Councillor's hate mail over tortoise garden closure

Image caption Council officers said tortoises were "wild animals" and needed to be covered by the licence

A senior Cornwall councillor has received more than 1,000 abusive emails after the closure of a tortoise sanctuary in mid Cornwall.

Sanctuary owner Joy Bloor had been given 28 days by Cornwall Council to obtain a zoo licence for the garden in Sticker, St Austell.

But she was unable to pay the licence costs and decided to close.

Community safety and protection councillor, Lance Kennedy, said he had received "one thousand abusive emails".

Mr Kennedy said that since the row over the tortoise sanctuary hit the headlines his department's phone system had effectively "shut down" with the volume of calls.

"A lot of the emails you wouldn't even want to read, and the calls are obscene, some of them," he said.

Following a complaint to Cornwall Council in 2009 by one animal rights organisation, the council took the decision to reclassify the sanctuary as a zoo and insisted it should be licensed under the Zoo Licensing Act 1981.

'Ridiculous legislation'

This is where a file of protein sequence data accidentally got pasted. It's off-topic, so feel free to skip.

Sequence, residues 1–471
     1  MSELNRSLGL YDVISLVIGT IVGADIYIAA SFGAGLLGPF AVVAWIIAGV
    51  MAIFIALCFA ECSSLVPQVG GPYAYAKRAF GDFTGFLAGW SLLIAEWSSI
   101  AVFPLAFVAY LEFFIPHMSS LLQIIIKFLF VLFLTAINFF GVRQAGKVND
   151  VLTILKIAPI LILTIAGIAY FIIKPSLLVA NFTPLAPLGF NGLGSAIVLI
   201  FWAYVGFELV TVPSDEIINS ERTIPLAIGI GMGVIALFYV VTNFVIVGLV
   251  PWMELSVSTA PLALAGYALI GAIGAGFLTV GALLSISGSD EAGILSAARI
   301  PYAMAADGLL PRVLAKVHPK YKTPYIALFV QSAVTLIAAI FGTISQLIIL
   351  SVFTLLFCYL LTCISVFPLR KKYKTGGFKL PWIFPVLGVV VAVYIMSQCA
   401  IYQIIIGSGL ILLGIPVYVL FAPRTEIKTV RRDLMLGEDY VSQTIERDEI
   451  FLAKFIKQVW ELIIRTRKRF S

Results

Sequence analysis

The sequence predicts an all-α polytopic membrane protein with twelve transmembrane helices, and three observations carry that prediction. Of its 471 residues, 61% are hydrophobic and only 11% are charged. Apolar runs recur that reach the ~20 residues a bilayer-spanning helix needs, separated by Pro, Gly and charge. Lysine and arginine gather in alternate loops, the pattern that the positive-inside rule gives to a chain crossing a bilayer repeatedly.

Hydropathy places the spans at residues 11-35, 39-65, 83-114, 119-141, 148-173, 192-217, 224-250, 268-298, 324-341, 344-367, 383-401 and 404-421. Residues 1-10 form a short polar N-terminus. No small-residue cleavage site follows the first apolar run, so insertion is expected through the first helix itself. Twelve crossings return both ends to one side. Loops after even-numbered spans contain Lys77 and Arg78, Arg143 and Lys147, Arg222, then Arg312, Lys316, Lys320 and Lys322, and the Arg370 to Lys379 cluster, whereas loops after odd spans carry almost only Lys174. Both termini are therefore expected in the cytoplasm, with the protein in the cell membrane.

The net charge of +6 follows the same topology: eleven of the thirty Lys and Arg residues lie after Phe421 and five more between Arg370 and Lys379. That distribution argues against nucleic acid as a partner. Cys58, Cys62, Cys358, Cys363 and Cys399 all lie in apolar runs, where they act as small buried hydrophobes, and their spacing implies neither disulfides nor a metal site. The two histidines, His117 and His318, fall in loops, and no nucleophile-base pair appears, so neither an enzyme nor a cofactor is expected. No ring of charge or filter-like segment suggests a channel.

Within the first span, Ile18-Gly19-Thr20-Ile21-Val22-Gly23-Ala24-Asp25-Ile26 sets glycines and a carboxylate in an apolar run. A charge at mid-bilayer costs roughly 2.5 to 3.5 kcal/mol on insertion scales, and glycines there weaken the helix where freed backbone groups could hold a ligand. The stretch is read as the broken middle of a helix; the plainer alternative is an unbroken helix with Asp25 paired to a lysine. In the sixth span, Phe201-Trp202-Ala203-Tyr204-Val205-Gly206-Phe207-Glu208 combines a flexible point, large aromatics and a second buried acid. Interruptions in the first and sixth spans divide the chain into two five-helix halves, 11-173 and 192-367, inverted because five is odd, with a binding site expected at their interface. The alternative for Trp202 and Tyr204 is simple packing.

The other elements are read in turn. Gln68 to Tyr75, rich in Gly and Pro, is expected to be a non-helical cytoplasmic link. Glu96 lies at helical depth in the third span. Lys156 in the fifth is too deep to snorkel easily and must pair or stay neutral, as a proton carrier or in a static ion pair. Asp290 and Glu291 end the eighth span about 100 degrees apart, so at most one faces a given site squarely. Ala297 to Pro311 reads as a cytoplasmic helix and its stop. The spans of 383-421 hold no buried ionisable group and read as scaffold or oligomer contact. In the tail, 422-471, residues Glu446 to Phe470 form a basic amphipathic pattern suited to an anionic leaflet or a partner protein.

The council said it had spoken to experts who considered tortoises to be "wild animals, in that they are not normally domesticated in this country" and therefore needed to be covered by the licence.

Mr Kennedy said: "There is absolutely no doubt, we've been given unequivocal information that they are regarded as wild animals.

"The problem is I and my staff are not in the position to arbitrarily pick which bits of law we like," he added.

Ms Bloor said she was unable to pay the zoo licence costs which amount to £275 for the first four years in addition to the fees for government-appointed site inspectors, along with subsequent formal inspections.

Mr Kennedy said he asked his staff to apply the law fairly as with "all the other sanctuaries across Cornwall that have gone through the same process, who are registered, who comply with all the regulations, you have to be consistent".

He said that if Ms Bloor applied for a licence he was hopeful the issue could be resolved "with some common sense".

Mr Kennedy said it was a "ridiculous piece of legislation" which he admitted "needs changing".

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